In another illustrative but non-limiting example, the disclosure describes an HVAC controller assembly that includes an HVAC controller having an electrical connector and a wall plate assembly having a front side and a back side. The HVAC controller assembly may be releasably securable to the wall plate assembly with the electrical connector of the HVAC controller facing the front side of the wall plate assembly. The wall plate assembly may include, on the back side of the wall plate assembly, one or more wall engaging regions for engaging a wall that the wall plate assembly is to be mounted to. An aperture may be defined through an aperture defining region of the wall plate assembly that is spaced inward toward the front side from the one or more wall engaging regions on the back side of the wall plate assembly. One or more wiring terminals may be accessible from the front side of the wall plate assembly for connecting one or more wires. An electrical connector may be situated on the front side of the wall plate assembly that is configured to electrically connect to the electrical connector of the HVAC controller when the HVAC controller is secured to the wall plate assembly. An air flow barrier may be mechanically secured to the aperture defining region of the wall plate assembly and over the aperture in the wall plate assembly. The air flow barrier may define an air flow barrier aperture that is smaller than the aperture of the wall plate assembly and that at least partially overlaps the aperture of the wall plate assembly.

The preceding summary is provided to facilitate an understanding of some of the innovative features unique to the present disclosure and is not intended to be a full description. A full appreciation of the disclosure can be gained by taking the entire specification, claims, drawings, and abstract as a whole.

BRIEF DESCRIPTION OF DRAWINGS

FIG. 1 is a front view of an HVAC controller in accordance with an illustrative embodiment of the present disclosure;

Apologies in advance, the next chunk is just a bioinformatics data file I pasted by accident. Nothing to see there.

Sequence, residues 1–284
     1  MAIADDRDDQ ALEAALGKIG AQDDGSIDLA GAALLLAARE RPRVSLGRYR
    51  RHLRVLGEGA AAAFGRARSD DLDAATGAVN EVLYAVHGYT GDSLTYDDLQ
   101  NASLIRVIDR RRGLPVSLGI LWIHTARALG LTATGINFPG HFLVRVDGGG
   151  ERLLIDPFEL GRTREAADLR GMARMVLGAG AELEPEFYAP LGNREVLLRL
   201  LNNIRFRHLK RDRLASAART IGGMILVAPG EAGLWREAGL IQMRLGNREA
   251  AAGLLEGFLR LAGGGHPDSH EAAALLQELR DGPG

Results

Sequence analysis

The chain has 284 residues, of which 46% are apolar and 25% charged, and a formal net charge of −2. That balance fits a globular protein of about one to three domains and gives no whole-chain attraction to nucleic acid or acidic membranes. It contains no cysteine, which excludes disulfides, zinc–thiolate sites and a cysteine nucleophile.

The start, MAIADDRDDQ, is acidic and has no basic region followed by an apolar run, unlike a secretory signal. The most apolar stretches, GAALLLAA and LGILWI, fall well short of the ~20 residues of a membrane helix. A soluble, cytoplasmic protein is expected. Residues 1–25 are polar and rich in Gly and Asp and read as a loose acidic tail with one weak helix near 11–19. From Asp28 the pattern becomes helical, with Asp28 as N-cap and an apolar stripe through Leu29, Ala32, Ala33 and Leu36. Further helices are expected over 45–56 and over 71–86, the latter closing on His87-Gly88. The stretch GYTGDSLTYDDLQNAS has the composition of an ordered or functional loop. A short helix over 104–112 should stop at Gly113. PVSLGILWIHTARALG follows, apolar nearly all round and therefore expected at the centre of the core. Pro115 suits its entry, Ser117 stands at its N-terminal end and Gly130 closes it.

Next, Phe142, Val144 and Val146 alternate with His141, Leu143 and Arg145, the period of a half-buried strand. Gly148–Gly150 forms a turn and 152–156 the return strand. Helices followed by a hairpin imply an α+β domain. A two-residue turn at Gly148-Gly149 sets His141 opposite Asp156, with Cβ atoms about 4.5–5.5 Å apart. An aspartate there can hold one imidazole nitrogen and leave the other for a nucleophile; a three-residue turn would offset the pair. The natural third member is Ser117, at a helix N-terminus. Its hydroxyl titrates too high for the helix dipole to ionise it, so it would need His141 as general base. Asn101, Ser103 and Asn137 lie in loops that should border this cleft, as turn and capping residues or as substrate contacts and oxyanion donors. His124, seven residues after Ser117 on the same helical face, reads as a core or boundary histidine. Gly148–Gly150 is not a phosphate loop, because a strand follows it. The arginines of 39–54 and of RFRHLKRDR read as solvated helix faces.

FIG. 2 is an exploded perspective view of the illustrative HVAC controller of FIG. 1, with includes an illustrative wall plate assembly;

FIG. 3 is a front view of the illustrative wall plate assembly of FIG. 2;

FIG. 4 is a back view of the illustrative wall plate assembly of FIG. 2;

FIG. 5 is an exploded perspective view of the illustrative wall plate assembly of FIG. 2;

FIG. 6 is a front view of the illustrative air flow barrier shown in FIG. 2;

FIG. 7 is a side view of the illustrative air flow barrier shown in FIG. 2; and

FIG. 8 is an exploded perspective schematic view of a wall plate assembly in accordance with an illustrative embodiment of the present disclosure.

While the disclosure is amenable to various modifications and alternative forms, specifics thereof have been shown by way of example in the drawings and will be described in detail. It should be understood, however, that the intention is not to limit the disclosure to the particular embodiments described. On the contrary, the intention is to cover all modifications, equivalents, and alternatives falling within the spirit and scope of the disclosure.

DESCRIPTION

The following description should be read with reference to the drawings wherein like reference numerals indicate like elements within a group of figures having the same figure number. Like reference numeral will not necessarily indicate like elements across different figure numbers. The drawings, which are not necessarily to scale, are not intended to limit the scope of the disclosure. In some of the figures, elements not believed necessary to an understanding of relationships among illustrated components may have been omitted for clarity.

All numbers are herein assumed to be modified by the term “about.” The recitation of numerical ranges by endpoints includes all numbers subsumed within that range (e.g., 1 to 5 includes 1, 1.5, 2, 2.75, 3, 3.80, 4, and 5).

As used in this specification and the appended claims, the singular forms “a”, “an”, and “the” include the plural referents unless the content clearly dictates otherwise. As used in this specification and the appended claims, the term “or” is generally employed in its sense including “and/or” unless the content clearly dictates otherwise.

It is noted that references in the specification to “an embodiment”, “some embodiments”, “other embodiments”, “an illustrative embodiment”, etc., indicate that the embodiment described may include a particular feature, structure, or characteristic, but every embodiment may not necessarily include the particular feature, structure, or characteristic. Moreover, such phrases are not necessarily referring to the same embodiment. Further, when a particular feature, structure, or characteristic is described in connection with an embodiment, it is contemplated that the feature, structure, or characteristic may be applied to other embodiments whether or not explicitly described unless clearly stated to the contrary.